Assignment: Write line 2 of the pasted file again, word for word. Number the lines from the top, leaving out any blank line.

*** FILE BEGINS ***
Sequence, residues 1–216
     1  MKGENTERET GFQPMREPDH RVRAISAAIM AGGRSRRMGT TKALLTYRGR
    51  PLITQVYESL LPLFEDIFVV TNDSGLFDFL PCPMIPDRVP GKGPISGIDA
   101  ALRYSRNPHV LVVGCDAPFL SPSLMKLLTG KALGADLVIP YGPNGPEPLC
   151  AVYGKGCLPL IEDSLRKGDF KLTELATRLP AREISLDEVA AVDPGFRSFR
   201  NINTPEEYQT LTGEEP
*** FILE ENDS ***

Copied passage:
     1  MKGENTERET GFQPMREPDH RVRAISAAIM AGGRSRRMGT TKALLTYRGR